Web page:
(Topic ID: 206499)

1950's Gottlieb question.


By Darcy

1 year ago



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  • 20 posts
  • 6 Pinsiders participating
  • Latest reply 1 year ago by Shapeshifter
  • No one calls this topic a favorite

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There have been 9 images uploaded to this topic. (View topic image gallery).

DSCN1354 (resized).JPG
image-17.jpgGottlieb Flipper (resized).jpg
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IMG_2450 (resized).jpg
IMG_2451 (resized).jpg
DSC04168 (resized).JPG
23. Restored Side Bars 1 (resized).JPG
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#1 1 year ago

On this 1953 Flying High. There are metal strips attached to the inside of the cabinet, along the sides, even and slightly above the playfield.
This Flying High, it looks like those 2 strips look like they are galvanized. I've seen Gottliebs with those strips in various condition. From chromed, just polished, painted a tan colour, painted a grey colour. (I will attach a photo later tonight.)

"What is the factory installed appearance?"

#2 1 year ago

Games either have metal blades or some games have a grey paint.

Looks like Flying High, factory was metal.

http://www.pinrepair.com/gtb/flyhigh.htm

#3 1 year ago

Looks more like a hammer finish, under the dirt and rub marks and that feather.

DSCN1346 (resized).JPG
DSCN1344 (resized).JPG

The 50's Gottlieb I saw with this metal trim all chromed, it looked great, but not something I need to do to this pin. Any suggestions?
Also is that silver paint original finish?

#4 1 year ago

i have a 51 Jalopy with silver painted sides. I have a 60 Nags that had a metal galvanized side. I believe with the metal sides back in the day you could polish up to a nice finish. As I had only one side I made chrome sides for some bling. still have a couple.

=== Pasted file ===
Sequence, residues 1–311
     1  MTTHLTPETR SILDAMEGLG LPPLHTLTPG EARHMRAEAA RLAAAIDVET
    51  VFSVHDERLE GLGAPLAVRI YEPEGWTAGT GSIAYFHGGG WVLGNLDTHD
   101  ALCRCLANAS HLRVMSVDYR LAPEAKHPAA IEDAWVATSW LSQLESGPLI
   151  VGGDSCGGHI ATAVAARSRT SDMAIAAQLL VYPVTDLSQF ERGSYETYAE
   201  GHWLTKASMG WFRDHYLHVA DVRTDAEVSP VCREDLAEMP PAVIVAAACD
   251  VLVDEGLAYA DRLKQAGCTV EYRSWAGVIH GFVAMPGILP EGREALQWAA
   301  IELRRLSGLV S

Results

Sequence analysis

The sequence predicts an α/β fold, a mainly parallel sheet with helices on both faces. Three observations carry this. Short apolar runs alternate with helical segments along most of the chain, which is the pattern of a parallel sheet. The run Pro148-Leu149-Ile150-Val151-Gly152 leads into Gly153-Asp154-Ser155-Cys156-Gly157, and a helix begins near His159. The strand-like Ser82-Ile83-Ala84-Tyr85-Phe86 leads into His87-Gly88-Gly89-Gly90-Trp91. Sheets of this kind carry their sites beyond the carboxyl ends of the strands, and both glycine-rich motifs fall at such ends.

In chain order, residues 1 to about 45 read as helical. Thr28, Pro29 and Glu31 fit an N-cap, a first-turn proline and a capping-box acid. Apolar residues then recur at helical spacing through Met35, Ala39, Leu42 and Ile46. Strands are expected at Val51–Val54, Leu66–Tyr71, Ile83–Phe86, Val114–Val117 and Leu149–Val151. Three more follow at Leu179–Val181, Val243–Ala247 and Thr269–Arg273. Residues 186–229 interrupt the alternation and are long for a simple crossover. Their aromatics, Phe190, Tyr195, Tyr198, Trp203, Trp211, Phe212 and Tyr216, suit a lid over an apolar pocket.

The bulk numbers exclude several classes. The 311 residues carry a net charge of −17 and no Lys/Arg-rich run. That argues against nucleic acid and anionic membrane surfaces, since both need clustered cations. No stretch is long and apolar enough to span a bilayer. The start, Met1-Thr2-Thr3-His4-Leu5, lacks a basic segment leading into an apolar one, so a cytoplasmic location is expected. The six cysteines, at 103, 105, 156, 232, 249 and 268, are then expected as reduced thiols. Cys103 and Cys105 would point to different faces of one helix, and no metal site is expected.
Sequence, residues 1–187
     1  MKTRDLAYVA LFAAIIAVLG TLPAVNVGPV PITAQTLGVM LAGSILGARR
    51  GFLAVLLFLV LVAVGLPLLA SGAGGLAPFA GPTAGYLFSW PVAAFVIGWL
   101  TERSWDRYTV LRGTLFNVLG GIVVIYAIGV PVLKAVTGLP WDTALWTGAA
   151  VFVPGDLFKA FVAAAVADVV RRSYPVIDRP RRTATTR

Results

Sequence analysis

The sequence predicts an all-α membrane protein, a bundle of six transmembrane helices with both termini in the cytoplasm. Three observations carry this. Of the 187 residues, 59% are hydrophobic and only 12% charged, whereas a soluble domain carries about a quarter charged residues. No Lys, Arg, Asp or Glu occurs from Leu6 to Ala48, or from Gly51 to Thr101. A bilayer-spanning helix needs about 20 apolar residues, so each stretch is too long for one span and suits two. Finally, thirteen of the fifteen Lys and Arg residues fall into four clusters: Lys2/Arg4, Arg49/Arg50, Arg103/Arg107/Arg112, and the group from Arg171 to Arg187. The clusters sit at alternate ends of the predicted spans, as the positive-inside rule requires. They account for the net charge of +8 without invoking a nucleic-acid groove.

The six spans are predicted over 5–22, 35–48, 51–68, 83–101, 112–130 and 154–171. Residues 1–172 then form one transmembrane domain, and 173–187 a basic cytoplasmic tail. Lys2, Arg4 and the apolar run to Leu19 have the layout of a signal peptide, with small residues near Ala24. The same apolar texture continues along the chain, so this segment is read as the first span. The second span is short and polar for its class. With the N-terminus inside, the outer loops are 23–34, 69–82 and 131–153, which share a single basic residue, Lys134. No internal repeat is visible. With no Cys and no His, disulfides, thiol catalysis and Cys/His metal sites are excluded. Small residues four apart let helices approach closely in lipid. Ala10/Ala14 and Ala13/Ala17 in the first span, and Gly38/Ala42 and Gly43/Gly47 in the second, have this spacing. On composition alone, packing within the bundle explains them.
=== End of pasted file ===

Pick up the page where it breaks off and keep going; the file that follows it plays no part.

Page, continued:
#5 1 year ago

It could be galvanised, as that was my first guess. Think I'll try a small spot with some solvent. Just to clean it and not trying to buff it up.

#6 1 year ago
Quoted from Darcy:

It could be galvanised, as that was my first guess. Think I'll try a small spot with some solvent. Just to clean it and not trying to buff it up.

Sure not shiney?

Here is the Nags

23. Restored Side Bars 1 (resized).JPG
DSC04168 (resized).JPG

#7 1 year ago

And that does look amazingly nice.

#8 1 year ago

I buffed some up as well Steve for a 1954 Williams Spitfire. Can you tell me how you buff yours? I wet sanded to 3000 grit and then used Mother's Mag polish. Don't think it looks as nice as yours though.

#9 1 year ago

Here are some pics of a 1953 game, and 2 times 1954.

One has no blades, but factory finish silver paint.

Your blades I am pretty sure are not original in that Gottlieb never cut them like that or used those type of nails.

I think your game was like my Lovely Lucy - no blades from factory and an owner has made some and added. If you remove one and there is silver paint beneath that would confirm.

IMG_2451 (resized).jpg

IMG_2450 (resized).jpg

IMG_2450 (resized).jpg

#10 1 year ago

The so called 'blades' were not factory installed. Back in the day, cheating customers would attempt to bore a small hole into the cabinet (somewhere just under the wooden side rail ) using a pocket pen knife or something similar. Once the hole was made, they would insert a piece of a metal coat hanger and trip various targets and rollovers in the attempt to score enough points to win free games.
The inside metal blades were an after market product sold by parts companies to Operators to stop the cheating. Some Operators even made there own blades cut from different types of metals and installed them.

#11 1 year ago
Quoted from dr_nybble:

I buffed some up as well Steve for a 1954 Williams Spitfire. Can you tell me how you buff yours? I wet sanded to 3000 grit and then used Mother's Mag polish. Don't think it looks as nice as yours though.

As I had only one side rail or blade and front rail on the game I remade a few sets from chrome finished plate I got of eBay. So no I never buffed them.

Quoted from pinb1:

The so called 'blades' were not factory installed. Back in the day, cheating customers would attempt to bore a small hole into the cabinet (somewhere just under the wooden side rail ) using a pocket pen knife or something similar. Once the hole was made, they would insert a piece of a metal coat hanger and trip various targets and rollovers in the attempt to score enough points to win free games.